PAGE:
Saturday, January 9, 2010

Following and Balancing Passion

In early December 2009, Lisis at Quest for Balance wrote a very popular and controversial post called “Net Worth Vs Self Worth: The Passion Paradox”. Several other bloggers wrote responses, one of whom was David at Raptitude in “What Passion Will Buy You”.

At the time, while I wrote detailed comments on both posts, I hadn’t yet formulated my thoughts well enough for a post of my own. Now I have, in my own fashion.

I think that passion can be a worthwhile pursuit when it is couched in the knowledge that this discovery and search is life-long, not something that a book or a blog can tell you right away.

Donald and I approach success and passion differently. I have always encouraged him to find a job that he loves (even during his year of unemployment). He wants a job with a good enough income that he can support his family. While these two things are not necessarily mutually exclusive, they do sometimes cause conflict over what is most important to us. We both want to be happy and to support our family.

Jeffrey’s post at The Art of Great Things called “In Defense of Work-Life Balance” woke me up to the fact that typical 9-5 jobs are not inherently evil. They serve many purposes, including the ones Donald has. My role then, is not to constantly push Donald to find a job he loves. My role is to help him balance his work and life and to make sure that his non-work time is what he wants it to be. My role is also to remind him every once in a while of his passions and dreams and help him find ways to realize them.

As Donald reminds me, he has the same role for me and I need to keep paying attention to my own needs. For some reason this is really hard for me. Right now, I am so focused on gearing up for having a family, especially after reading Katie’s post about 7 months of motherhood at Confessions of a Young Married Couple.

I am also acutely aware of the fact that it’s quite possible to lose myself in motherhood, when it happens, and that I desperately want to avoid the realization after 30 years of marriage that I have neglected important things, as my mother has experienced.

And so I consider the things that ignite my own passion. It is so tempting to believe that wandering off the beaten path is to be rewarded with financial success and happiness. While I don’t want to make my passions into money, I do see the value in bringing passion to the work I do, no matter what it is.

I highly recommend going through the Finding My Passion questions at Blogging Without A Blog. Donald and I went through them together, for each of us, and I learned so much about us as a couple and as individuals. The more we each express our values and priorities, the better life we can create together.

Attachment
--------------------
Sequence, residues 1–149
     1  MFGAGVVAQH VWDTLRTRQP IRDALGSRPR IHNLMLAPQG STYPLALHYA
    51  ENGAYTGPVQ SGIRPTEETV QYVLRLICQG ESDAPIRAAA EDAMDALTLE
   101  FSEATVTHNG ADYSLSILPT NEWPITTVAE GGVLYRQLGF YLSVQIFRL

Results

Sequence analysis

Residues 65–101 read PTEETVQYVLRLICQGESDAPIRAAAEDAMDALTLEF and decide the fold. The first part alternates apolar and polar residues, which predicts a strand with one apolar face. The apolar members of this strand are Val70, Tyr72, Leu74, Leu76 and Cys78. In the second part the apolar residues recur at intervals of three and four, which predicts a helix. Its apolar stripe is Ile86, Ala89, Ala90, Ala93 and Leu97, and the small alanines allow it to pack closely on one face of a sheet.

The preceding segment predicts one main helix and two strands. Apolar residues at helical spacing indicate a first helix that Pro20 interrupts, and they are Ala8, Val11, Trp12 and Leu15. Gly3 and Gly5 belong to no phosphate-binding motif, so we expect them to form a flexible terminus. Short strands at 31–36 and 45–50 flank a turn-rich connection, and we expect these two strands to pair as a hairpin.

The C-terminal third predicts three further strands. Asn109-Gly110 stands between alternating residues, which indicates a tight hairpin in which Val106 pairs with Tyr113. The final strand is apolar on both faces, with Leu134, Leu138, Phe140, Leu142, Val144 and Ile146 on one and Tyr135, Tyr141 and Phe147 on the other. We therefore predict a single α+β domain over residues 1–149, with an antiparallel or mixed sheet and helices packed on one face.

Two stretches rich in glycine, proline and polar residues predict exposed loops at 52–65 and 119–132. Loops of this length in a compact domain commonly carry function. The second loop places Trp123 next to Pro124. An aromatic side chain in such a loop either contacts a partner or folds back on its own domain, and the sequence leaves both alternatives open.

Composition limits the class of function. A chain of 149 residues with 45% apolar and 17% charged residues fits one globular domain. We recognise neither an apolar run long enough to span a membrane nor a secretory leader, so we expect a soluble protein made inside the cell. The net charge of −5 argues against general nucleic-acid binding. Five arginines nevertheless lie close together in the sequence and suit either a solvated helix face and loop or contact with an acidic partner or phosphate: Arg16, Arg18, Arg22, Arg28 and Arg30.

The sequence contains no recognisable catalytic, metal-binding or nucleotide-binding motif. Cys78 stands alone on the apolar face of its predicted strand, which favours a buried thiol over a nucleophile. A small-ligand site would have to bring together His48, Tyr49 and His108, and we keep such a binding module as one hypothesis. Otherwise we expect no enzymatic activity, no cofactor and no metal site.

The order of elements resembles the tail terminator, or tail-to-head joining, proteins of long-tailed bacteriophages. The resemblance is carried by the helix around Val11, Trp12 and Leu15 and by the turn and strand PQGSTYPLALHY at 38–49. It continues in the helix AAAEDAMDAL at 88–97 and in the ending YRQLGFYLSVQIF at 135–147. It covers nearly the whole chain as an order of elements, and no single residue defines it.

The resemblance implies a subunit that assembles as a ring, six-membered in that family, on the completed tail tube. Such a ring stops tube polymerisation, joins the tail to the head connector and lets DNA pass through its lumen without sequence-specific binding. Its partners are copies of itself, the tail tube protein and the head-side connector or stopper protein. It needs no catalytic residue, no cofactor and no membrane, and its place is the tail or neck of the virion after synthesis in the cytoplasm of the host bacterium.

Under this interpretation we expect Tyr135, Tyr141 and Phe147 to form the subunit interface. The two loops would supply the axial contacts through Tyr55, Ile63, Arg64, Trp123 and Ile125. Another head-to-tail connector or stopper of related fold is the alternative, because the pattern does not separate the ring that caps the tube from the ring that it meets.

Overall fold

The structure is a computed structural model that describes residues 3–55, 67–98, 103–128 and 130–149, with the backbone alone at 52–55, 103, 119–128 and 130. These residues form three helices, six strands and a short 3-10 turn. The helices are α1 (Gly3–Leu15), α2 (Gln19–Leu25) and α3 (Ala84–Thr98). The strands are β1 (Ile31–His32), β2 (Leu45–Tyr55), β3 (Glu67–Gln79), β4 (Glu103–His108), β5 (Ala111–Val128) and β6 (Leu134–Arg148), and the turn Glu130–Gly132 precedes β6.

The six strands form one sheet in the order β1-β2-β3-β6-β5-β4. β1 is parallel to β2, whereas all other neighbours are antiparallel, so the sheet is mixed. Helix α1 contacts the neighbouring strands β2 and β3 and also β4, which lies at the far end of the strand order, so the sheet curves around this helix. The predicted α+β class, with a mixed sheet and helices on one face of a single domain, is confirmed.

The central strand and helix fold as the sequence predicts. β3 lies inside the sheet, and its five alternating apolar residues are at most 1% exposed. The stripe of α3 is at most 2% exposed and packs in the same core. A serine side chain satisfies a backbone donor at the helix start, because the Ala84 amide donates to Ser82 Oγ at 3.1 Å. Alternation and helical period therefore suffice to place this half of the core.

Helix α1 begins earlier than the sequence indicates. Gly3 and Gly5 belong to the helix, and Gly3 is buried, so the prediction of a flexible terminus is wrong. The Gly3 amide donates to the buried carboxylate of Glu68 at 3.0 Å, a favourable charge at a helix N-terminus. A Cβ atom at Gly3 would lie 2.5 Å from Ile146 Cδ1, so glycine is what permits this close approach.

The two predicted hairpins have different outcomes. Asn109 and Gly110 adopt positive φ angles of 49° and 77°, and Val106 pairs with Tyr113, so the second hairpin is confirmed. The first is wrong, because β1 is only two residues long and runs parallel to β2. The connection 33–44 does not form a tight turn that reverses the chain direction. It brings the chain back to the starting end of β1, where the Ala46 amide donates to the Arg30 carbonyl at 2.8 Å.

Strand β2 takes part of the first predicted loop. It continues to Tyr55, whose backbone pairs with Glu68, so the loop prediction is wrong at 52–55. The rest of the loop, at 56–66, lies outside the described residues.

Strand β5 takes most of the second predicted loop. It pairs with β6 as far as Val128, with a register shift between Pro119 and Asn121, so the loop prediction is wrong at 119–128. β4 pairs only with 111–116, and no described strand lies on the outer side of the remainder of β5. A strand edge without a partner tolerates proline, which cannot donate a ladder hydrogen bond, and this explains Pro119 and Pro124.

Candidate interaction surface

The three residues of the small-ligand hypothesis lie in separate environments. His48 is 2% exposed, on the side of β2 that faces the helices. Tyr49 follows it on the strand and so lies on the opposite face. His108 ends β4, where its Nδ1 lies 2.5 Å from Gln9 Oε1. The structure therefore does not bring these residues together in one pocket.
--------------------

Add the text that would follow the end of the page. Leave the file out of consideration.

1. I'm reposting a comment from Wilma (

    "Oh Daphne, you are spot on with this sentence; "My role then, is not to constantly push Donald".
    Our role as human being is to create a mental space for each other in which we feel and are free to explore whatever we need to explore without being judged by the other. To be quietly encouraged and being attentively listened to by someone who is present, is all that is required for us to become our greatness.
    I had to learn to become aware who was speaking, my ego little voice or my heart and often it was my ego disguished as the helping person who wanted the best for both of us.

    When there is a heartfelt intention though to really bring out the best in each other without judging what you think is the best based on your upbringing, you will create a great space in your relationship for both of you.
    Love Wilma"

    I responded: "Wilma, it's amazing how freeing mental space can be. I have realized that one of the best ways I can love Donald is by supporting him quietly, encouraging by listening. I love what you said about becoming aware of whether your heart or your ego was speaking - I need to do that too. Not judging is definitely key - now I just have to accept that other people judging don't have to make me defensive. Thank you so much for your comment."

  2. I'm reposting a comment from Hayden Tompkins (

    "My husband is a lot like Donald.

    As long as he is solving problems, he is a happy camper! His passions pretty much lie outside of the 'career' realm and as long as he has time to pursue them, it doesn't matter specifically what work he is doing.

    He is passionate about theoretical mathematics and people just don't get paid to do that. Even though math professors may be expected to do that kind of work, they are paid for their teaching and not their auxiliary activities.

    Ok, so that was basically a loooong way to say "It's all good!" :)"

    I responded: "Hayden, I like what you said about the function of the job sometimes being more important than the content. And you're completely right, for many people, their job is the vehicle to allow them to pursue their passions outside of work. Thanks so much for your comment!"


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